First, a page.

Artículos de revistas
Home Medicine Chests And Their Relationship With Self-medication In Children And Adolescents.
Jornal De Pediatria. v. 84, n. 5, p. 416-22
Tourinho, Francis S V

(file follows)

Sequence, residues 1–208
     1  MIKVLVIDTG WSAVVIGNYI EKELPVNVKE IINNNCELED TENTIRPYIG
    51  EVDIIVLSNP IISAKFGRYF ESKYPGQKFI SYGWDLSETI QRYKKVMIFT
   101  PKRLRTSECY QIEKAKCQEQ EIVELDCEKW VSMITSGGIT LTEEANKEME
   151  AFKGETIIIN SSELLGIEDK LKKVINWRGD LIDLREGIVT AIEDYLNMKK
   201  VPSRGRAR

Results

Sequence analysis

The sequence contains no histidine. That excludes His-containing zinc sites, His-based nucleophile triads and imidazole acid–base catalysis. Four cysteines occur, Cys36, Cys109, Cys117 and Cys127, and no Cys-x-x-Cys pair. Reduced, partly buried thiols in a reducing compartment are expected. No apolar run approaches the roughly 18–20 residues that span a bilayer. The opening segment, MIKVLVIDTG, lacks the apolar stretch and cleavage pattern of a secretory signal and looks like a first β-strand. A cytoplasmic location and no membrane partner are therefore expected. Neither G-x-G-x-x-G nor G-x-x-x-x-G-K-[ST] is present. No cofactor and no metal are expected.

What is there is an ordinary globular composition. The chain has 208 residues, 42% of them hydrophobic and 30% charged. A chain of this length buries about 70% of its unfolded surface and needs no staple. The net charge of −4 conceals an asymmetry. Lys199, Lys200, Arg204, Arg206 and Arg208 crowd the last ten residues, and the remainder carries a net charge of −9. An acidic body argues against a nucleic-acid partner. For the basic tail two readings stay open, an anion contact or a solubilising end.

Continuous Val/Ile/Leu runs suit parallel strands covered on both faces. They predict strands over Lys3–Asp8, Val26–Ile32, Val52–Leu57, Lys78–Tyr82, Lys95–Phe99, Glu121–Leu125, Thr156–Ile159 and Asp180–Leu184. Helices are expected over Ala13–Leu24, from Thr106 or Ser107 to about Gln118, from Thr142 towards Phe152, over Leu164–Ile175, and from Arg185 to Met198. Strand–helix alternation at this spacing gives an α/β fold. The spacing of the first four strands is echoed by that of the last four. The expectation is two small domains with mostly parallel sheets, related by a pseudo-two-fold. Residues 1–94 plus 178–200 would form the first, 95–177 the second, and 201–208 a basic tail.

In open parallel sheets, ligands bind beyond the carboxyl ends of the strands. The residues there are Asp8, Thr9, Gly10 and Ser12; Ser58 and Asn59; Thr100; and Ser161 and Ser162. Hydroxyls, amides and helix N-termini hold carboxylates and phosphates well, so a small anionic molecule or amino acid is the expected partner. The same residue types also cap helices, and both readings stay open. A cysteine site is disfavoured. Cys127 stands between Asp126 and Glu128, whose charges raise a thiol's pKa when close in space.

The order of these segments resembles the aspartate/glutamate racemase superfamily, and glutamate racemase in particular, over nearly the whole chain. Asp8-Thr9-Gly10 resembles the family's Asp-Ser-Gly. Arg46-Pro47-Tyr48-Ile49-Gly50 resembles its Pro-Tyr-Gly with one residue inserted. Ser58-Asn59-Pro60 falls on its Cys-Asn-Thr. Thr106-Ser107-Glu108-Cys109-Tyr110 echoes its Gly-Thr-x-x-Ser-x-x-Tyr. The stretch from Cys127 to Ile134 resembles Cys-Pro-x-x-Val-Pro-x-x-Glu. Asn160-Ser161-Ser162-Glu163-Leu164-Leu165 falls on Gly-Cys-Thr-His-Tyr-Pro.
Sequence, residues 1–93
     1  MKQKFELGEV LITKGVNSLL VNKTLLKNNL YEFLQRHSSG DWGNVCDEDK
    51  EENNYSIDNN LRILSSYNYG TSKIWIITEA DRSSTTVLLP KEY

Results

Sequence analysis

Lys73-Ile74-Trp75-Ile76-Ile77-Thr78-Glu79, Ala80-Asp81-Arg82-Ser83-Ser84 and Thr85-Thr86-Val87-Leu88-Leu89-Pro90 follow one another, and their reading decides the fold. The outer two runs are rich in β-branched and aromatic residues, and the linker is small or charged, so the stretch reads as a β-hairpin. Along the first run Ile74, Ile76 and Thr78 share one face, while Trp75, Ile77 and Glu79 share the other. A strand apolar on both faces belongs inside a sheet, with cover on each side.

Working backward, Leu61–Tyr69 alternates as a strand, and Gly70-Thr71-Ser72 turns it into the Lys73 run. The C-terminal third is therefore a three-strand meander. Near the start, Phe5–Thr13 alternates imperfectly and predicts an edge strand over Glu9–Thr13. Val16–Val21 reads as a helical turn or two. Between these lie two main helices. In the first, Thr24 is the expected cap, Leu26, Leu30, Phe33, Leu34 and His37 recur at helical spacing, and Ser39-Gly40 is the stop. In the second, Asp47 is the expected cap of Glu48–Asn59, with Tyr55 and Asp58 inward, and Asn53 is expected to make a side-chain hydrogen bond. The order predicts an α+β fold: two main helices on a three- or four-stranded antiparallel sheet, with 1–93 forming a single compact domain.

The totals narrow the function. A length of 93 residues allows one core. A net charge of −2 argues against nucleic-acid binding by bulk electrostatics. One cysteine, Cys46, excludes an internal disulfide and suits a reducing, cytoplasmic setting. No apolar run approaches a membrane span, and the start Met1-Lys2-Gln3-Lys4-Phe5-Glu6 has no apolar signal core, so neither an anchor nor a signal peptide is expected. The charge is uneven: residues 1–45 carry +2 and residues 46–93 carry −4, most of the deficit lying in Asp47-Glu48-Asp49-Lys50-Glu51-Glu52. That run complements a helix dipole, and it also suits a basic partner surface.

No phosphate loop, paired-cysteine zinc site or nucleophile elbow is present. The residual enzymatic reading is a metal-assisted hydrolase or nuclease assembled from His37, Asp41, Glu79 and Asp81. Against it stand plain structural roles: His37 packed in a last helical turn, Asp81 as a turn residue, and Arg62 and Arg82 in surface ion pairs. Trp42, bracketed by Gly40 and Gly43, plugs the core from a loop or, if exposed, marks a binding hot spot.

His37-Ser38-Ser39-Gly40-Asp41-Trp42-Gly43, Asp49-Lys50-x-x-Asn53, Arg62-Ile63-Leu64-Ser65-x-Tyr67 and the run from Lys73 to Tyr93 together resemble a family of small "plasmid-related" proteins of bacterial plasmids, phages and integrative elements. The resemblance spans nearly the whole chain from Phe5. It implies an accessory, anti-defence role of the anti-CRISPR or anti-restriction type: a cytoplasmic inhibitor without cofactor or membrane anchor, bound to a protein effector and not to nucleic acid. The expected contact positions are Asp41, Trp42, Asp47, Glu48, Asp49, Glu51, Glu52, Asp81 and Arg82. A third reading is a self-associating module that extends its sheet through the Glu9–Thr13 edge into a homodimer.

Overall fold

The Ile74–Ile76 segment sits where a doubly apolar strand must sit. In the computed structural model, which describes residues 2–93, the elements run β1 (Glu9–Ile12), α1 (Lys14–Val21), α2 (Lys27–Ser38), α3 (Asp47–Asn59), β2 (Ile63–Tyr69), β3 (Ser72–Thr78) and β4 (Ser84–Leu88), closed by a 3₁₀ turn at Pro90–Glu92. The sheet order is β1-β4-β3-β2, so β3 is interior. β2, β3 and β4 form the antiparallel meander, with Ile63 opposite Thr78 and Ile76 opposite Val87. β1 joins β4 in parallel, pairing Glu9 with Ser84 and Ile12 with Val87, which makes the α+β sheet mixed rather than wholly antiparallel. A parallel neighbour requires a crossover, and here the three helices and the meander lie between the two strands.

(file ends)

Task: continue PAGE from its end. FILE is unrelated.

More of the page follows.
To investigate the contents of home medicine chests and their relationship with self-medication in children and adolescents in the towns of Limeira and Piracicaba, SP, Brazil. This is a descriptive population study based on a home survey of a simple random sample from both towns, comprising 705 households from census sectors selected by means of cluster sampling. age <or= 18 years; an obligatory interview with at least one guardian; inventory of medicines kept at home; and having taken at least one medication during the 15 days prior to the interview. The participants were split into two groups based on medication: self-medication (lay advice) and medical prescription. Tests of linear association were performed, in addition to a descriptive analysis of the variables and multiple logistic regression. A total of 3,619 medicines were found (mean = 5.1/household; 79.6% were pharmaceutical preparations). The rooms most commonly used to store medications were bedrooms (47.5%), kitchens (29.9%), and bathrooms (14.6%); 76.5% were in cardboard boxes and within easy reach of 142 children aged <or= 6 years. Taking the pharmaceutical preparations in isolation (n = 2,891), the most common were analgesics/antipyretics (26.8%) and systemic antibiotics (15.3%), and the self-medication group had significantly larger stocks of these medications (p < 0.01). Storing medications in the bathroom (odds ratios = 1.59) and legal guardians with <or= 4 years of primary education (odds ratios = 2.40) indicated greater risk of self-medication. Keeping medicines at home is a common practice, and it is important to implement campaigns to encourage rational use, reduced waste and safe storage of medicines.84416-22